In our patient, the airway examination and magnetic resonance angiography of the brain was performed before surgery and cannot find any abnormalities. The computed tomographic angiography of the lower limb was also done and revealed relatively low varicosities around the condyle of femur. Anticoagulation was done at 8 hours before surgey using low molecular weight heparin and the operation was closed reduction of femur shaft. However, the bleeding was more extensive than we expected and very hard to manage. In our opinion, unrecognized vessel injuries during the closed reduction of femur shaft may aggravate the amount of bleeding than we expected in our patient.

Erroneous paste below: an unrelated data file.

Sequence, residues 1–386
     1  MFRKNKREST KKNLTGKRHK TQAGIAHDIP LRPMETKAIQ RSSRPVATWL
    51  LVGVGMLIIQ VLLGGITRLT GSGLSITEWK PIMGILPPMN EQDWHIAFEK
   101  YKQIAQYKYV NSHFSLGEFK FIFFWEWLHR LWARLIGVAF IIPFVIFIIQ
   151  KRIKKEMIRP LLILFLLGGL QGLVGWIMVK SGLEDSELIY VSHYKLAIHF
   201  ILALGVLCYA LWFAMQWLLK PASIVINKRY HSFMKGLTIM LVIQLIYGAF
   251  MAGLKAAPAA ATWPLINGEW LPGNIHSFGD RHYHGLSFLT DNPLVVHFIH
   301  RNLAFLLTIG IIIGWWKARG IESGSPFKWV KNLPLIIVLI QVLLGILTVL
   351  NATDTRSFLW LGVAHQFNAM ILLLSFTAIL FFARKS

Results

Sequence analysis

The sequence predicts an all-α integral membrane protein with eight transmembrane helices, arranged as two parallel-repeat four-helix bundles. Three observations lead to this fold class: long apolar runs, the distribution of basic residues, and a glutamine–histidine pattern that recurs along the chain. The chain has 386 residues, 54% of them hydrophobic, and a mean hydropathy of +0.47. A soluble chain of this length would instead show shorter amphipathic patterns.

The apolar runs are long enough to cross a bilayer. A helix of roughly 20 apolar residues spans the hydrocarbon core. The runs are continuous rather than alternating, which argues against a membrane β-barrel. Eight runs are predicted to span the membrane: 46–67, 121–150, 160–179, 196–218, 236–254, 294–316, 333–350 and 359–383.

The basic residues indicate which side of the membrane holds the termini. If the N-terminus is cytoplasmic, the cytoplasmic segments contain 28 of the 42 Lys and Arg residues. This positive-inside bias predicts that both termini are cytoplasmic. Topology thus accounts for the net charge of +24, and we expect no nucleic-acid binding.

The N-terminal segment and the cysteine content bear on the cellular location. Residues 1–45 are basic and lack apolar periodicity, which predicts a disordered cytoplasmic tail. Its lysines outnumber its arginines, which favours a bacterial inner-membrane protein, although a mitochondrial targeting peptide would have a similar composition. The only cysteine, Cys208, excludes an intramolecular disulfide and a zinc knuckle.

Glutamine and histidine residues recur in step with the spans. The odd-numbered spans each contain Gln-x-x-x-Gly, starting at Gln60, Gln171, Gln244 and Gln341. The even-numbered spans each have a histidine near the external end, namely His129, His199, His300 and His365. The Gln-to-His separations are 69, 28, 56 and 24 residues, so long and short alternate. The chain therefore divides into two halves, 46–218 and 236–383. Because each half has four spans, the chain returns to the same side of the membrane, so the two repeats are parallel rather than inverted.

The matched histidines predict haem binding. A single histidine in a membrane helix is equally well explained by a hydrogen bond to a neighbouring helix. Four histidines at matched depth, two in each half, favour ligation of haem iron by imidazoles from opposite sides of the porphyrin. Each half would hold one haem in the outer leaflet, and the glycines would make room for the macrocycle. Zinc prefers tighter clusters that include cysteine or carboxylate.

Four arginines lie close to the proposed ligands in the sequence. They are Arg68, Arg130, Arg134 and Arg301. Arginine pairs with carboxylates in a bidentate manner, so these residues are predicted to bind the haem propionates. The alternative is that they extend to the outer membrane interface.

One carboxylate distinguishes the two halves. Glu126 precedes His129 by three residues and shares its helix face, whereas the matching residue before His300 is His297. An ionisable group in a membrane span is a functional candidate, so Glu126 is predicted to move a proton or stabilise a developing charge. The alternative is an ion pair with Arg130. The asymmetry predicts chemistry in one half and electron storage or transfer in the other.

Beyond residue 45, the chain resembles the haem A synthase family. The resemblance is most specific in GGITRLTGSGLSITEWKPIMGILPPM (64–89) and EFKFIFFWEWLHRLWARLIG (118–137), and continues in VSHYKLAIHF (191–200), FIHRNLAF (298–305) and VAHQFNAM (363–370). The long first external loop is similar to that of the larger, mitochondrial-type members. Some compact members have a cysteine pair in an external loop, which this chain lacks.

In conclusion, we present a case of massive bleeding in KTS patient who undergoing close reduction and internal fixation for correction of the femur shaft fracture. Physicians should always aware of unexpected bleeding in KTS patients even in minimal invasive surgery and prepare inadvertent events during perioperative period.


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Fig. 1

Three dimensional volume rendered image from CT angiography shows the presence of diffuse and severe varicosities in the whole right leg with hypertrophy.